Undoubtedly, it’s because I read too much Raymond Chandler when I was young, before moving on to read too much James Ellroy, but the sub-genre I love most is probably the Hollywood-set murder mystery/thriller. What I find so fascinating is the mixture of that impossible Technicolor glamour, with tawdry and brutal crime. It’s the tearing down of that wonderful façade – the sound stages, the beautiful women made-up and coiffured to look more incredible than anyone ever had before – to reveal someth Undoubtedly, it’s because I read too much Raymond Chandler when I was young, before moving on to read too much James Ellroy, but the sub-genre I love most is probably the Hollywood-set murder mystery/thriller. What I find so fascinating is the mixture of that impossible Technicolor glamour, with tawdry and brutal crime. It’s the tearing down of that wonderful façade – the sound stages, the beautiful women made-up and coiffured to look more incredible than anyone ever had before – to reveal something more far more fragile and damaged underneath. But of course, it being Hollywood you just put the painted backdrop back up, reapply the luscious lipstick to your leading lady (or new leading lady, if the old one was an unfortunate victim) and carry on. No matter how many murders take place, the pretence always wins. Of course, it helps that I imagine all these stories with noir lighting, but actually ANGEL IN THE ABYSS doesn’t have a 1940s segment. Instead it’s the tale of a film restorer of today leaving the comfort of his projector in Boston to restore a legendary silent film in L.A., and finding dead bodies piling up around him. It’s entertaining stuff, with ‘poor nobody suddenly finding himself out of the depth on the mean streets’ being such a Hollywood cliché itself, that of course it can be played around with in fiction. Here we even have two nobodies out of their depth, taking turns at the investigation, and such are the conventions of this kind of story that you don’t even mind when they both get suddenly quite good at the hard-ass stuff. The film to be restored is a legendary lost silent classic called (of course) ‘Angel of the Abyss’, and the action in the present alternates with flashbacks to the 1920’s making of the film. This though is where the novel isn’t on such sure footing. Kurtz never quite convinces in the 1920’s milieu like he does in the current day, and there’s an artificiality to these chapters. But then maybe I’m being too harsh, as the characters here are actors and directors and producers filming in front of painted backdrops, and so maybe that artificiality is fitting. It’s a story that hinges on trying to create something real out of the phoniness of Tinsel-Town and so, even though it takes a little getting used to, the artificiality might actually work to its benefit. ANGEL OF THE ABYSS isn’t Chandler or Ellroy. It isn’t Megan Abbot. It also lacks the playfulness of a Stuart Kaminsky. But actually this is a good, gritty and unassuming thriller written by a man who clearly loves old films. I love old films myself – and adore this kind of novel – so I enjoyed the hell out it. If you get chance, please visit my blog for book, TV and film reviews - as well as whatever else takes my fancy - at frjameson.com LIke my Facebook page Or follow me on Twitter or Instagram: @frjameson.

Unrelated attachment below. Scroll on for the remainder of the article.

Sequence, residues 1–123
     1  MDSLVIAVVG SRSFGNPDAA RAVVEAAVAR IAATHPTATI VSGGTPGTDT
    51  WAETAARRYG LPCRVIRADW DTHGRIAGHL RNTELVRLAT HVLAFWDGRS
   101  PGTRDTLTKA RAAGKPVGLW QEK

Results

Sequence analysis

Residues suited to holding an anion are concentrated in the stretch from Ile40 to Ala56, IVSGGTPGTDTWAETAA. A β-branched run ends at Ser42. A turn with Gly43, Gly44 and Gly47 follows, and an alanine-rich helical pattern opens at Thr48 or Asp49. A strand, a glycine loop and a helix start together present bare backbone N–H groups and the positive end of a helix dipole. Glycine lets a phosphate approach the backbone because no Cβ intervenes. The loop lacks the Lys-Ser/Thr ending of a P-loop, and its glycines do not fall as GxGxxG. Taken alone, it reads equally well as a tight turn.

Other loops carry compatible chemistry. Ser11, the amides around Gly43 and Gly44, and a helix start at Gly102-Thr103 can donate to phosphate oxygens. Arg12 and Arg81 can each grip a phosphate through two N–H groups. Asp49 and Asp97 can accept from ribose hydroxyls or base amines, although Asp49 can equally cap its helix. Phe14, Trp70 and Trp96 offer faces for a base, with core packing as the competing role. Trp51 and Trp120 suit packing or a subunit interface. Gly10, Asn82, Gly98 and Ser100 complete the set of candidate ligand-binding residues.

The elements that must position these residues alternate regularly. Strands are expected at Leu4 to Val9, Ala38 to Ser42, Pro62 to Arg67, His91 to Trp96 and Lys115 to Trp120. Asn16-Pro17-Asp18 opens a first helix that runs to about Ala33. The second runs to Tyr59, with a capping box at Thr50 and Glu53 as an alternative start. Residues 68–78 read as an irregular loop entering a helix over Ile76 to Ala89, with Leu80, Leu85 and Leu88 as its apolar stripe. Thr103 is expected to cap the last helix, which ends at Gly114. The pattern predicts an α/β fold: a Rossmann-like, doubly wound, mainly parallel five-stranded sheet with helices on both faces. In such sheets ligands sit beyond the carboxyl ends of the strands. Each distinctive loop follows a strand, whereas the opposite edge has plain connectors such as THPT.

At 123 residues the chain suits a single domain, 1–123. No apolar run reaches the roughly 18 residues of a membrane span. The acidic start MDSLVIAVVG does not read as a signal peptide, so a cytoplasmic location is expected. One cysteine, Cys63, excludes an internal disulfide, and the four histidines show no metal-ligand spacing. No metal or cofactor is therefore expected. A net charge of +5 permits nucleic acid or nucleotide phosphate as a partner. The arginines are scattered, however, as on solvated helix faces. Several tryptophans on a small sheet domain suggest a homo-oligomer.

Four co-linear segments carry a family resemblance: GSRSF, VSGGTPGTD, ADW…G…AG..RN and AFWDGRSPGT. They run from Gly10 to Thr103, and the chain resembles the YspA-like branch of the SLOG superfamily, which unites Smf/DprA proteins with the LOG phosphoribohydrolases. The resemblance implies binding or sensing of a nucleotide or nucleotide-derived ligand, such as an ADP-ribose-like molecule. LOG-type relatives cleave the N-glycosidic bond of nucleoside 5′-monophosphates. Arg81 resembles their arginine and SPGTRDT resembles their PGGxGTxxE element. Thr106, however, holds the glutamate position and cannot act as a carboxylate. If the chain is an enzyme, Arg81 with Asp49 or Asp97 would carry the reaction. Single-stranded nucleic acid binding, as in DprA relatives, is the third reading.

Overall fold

20. 5 out of 5

    Nev Murray